Recipe: Perfect Paleo Zucchini Muffins


  • 2.5 cups almond butter
  • 3 eggs
  • 2 c. shredded zucchini, strained or squeezed
  • 1 tsp baking soda
  • 1 tsp baking powder
  • 1 tbsp. vanilla
  • 1 tbsp. cinnamon (GOOD quality makes a huge difference)


  1. Add all items to a mixing bowl in order and stir.
  2. Pour into paper-lined muffin tins (trust me, this is a step you don’t want to skip).
  3. Bake at 350 for 12-15 minutes or until slightly brown on edges and passes the toothpick test.
  4. Makes 12 muffins.

ummm… ya.
these muffins are fucking incredible.
this is probably the best baked zucchini item i’ve ever had.
period.  paleo or not.

i did make a few slight tweaks to the above recipe…
i added about a tablespoon of raw agave syrup for a bit more sweetness and i also added a 1/2 cup of dark chocolate chips.
and i didn’t have 2.5 cups of almond butter, i only had 2 cups.  but it still worked magically.
i also used trader joe’s almond butter with sea salt in it because it was all i had.
the only real difference was that i had to cook them for 21 minutes before they were done.

but i just absolutely annihilated one.  …and i’m thinking about going back for a repeat performance.
they’re light and cakey and sweet and chocolaty and so frigging good!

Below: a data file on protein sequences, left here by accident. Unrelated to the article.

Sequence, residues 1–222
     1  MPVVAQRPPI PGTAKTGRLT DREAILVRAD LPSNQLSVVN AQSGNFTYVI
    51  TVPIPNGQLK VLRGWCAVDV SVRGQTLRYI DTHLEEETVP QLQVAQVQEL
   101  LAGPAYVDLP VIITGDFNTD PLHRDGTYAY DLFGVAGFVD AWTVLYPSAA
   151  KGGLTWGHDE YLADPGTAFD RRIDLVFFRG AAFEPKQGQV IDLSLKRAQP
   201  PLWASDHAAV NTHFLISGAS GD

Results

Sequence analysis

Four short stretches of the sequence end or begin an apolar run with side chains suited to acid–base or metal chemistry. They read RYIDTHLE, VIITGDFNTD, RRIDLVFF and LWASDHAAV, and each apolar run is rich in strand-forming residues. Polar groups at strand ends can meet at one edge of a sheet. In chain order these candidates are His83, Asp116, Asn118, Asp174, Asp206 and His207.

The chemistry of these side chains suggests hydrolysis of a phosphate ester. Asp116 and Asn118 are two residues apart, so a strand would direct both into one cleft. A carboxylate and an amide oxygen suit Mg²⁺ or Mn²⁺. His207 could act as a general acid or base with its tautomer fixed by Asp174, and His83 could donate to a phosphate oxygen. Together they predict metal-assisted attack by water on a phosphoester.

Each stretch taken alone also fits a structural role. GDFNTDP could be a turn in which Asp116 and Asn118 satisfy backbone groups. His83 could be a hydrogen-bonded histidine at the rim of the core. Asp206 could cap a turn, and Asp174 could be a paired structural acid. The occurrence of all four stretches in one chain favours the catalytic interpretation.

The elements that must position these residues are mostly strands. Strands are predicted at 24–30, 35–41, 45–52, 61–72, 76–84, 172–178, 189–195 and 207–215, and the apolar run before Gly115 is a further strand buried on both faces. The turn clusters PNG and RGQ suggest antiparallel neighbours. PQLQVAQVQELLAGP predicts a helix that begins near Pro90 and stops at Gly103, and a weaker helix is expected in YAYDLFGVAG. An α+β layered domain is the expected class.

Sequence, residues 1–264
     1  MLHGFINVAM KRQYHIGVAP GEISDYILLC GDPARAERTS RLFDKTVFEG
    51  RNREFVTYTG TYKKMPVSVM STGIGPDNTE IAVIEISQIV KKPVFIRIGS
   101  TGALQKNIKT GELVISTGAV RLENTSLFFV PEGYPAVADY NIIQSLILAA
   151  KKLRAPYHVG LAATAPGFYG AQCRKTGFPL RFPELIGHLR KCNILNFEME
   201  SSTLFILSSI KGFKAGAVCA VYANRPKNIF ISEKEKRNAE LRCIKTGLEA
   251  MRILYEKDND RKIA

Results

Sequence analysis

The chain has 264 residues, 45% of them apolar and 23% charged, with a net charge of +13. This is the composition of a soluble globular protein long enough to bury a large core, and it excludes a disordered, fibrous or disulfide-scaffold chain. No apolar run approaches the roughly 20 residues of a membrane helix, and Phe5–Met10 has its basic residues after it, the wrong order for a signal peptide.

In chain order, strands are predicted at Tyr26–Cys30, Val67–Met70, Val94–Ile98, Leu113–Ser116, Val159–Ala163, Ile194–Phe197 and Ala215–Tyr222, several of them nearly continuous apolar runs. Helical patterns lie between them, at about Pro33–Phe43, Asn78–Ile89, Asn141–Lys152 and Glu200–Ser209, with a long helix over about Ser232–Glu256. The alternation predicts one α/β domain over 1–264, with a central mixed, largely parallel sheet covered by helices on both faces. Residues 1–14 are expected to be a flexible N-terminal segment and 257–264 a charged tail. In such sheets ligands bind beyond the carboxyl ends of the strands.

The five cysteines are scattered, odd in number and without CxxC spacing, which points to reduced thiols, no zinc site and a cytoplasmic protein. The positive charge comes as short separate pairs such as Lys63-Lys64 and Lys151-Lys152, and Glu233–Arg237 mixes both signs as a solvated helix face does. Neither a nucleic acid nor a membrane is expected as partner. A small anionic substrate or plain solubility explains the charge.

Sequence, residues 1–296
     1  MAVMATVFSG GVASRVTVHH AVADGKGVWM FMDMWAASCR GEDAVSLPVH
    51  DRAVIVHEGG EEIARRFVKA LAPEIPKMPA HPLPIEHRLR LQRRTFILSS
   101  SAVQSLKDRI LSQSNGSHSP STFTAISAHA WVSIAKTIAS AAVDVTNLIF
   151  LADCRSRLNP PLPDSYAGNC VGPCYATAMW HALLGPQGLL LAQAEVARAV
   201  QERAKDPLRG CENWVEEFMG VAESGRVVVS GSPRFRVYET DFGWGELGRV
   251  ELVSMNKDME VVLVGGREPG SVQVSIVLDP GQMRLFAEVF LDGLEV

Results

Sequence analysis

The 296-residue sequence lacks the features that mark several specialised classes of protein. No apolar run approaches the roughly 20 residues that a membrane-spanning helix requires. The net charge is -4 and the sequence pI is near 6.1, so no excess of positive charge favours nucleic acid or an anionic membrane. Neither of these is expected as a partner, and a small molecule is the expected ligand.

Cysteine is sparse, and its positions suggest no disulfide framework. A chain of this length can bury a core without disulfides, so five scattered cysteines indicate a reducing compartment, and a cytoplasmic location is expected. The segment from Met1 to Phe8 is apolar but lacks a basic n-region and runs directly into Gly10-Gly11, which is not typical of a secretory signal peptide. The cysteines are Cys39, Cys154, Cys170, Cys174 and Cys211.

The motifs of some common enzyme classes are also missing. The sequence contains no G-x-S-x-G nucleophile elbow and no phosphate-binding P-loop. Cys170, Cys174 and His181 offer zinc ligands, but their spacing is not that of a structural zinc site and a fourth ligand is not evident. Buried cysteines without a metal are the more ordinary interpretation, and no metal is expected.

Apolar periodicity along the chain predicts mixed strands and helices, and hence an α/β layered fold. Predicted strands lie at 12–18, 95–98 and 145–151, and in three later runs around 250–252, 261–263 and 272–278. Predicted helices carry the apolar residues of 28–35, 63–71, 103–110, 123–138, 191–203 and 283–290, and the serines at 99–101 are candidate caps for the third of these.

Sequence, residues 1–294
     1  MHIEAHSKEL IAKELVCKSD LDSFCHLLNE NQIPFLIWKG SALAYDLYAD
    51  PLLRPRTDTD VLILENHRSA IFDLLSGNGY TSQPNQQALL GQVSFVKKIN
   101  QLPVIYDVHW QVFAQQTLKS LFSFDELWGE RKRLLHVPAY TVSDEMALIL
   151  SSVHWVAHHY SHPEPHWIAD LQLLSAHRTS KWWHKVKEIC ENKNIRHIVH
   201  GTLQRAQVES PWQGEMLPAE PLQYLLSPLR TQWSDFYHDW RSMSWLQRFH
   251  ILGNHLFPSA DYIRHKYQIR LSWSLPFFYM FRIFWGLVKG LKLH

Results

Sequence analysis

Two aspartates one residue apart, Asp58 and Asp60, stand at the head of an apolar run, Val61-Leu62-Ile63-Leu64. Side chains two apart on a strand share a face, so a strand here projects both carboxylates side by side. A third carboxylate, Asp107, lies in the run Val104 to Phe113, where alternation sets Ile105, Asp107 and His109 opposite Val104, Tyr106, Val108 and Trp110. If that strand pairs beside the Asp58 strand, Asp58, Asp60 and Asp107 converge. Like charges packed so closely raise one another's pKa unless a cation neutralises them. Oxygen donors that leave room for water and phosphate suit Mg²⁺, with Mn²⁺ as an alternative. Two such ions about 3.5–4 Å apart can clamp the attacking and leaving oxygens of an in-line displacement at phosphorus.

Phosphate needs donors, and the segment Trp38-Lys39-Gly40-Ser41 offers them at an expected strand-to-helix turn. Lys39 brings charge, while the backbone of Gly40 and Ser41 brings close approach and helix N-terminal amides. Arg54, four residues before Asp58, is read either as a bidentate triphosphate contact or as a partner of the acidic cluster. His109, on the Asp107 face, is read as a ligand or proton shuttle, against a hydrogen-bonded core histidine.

i’ll admit that there’s been a bit of my paleo baking adventures have netted me some puck-like results… but this was not one of them.  in fact, i would bet money that not very many people would peg this as a flour-free product.

i’ve never cooked with almond butter before… although i’ve cooked with almond flour lots… i just didn’t realize this was a “thing” that one could do.
so, awesome learning experience.





food: coconut banana bread with lime glaze

the banana and i have a love/hate relationship.
well… more accurately its a tolerated/hate relationship.
i’m not a lover of the banana (wait – did that sound weird?) and my palate is especially offended by faux banana flavourings.
maybe it harkens back to days of the medicine not-so-cleverly-disguised.
or maybe its just gross.

as for the banana itself… i avoid it.
years back i had my gallbladder removed and prior to that surgery i was suffering from some pretty regular and horrible heartburn.  the banana was a prime culprit.
even a bit of banana in anything would cause me a pretty significant amount of suffering.
so i stopped eating them.
you know, like someone who has the capacity to learn a lesson might.

but then i had my surgery, recovered, and found i could eat some foods i’d been avoiding.
so i decided to give the old banana another chance.
this my friends, was a mistake.
i don’t have the capacity to accurately describe the acute pain i experienced, but i would akin it to having your internal organs in a vice.
i experienced straight up violent pain.
like stabbing cramping pains so painful i felt nauseous and had to lay down.
cold sweats, shaking hands kind of pain.
fun times.

but, i thought to myself, it must have been something else that factored in.  i mean, how could a banana, a piece of fruit for pete’s sake,  make me have such an awful reaction?
so i tried it again.  and again.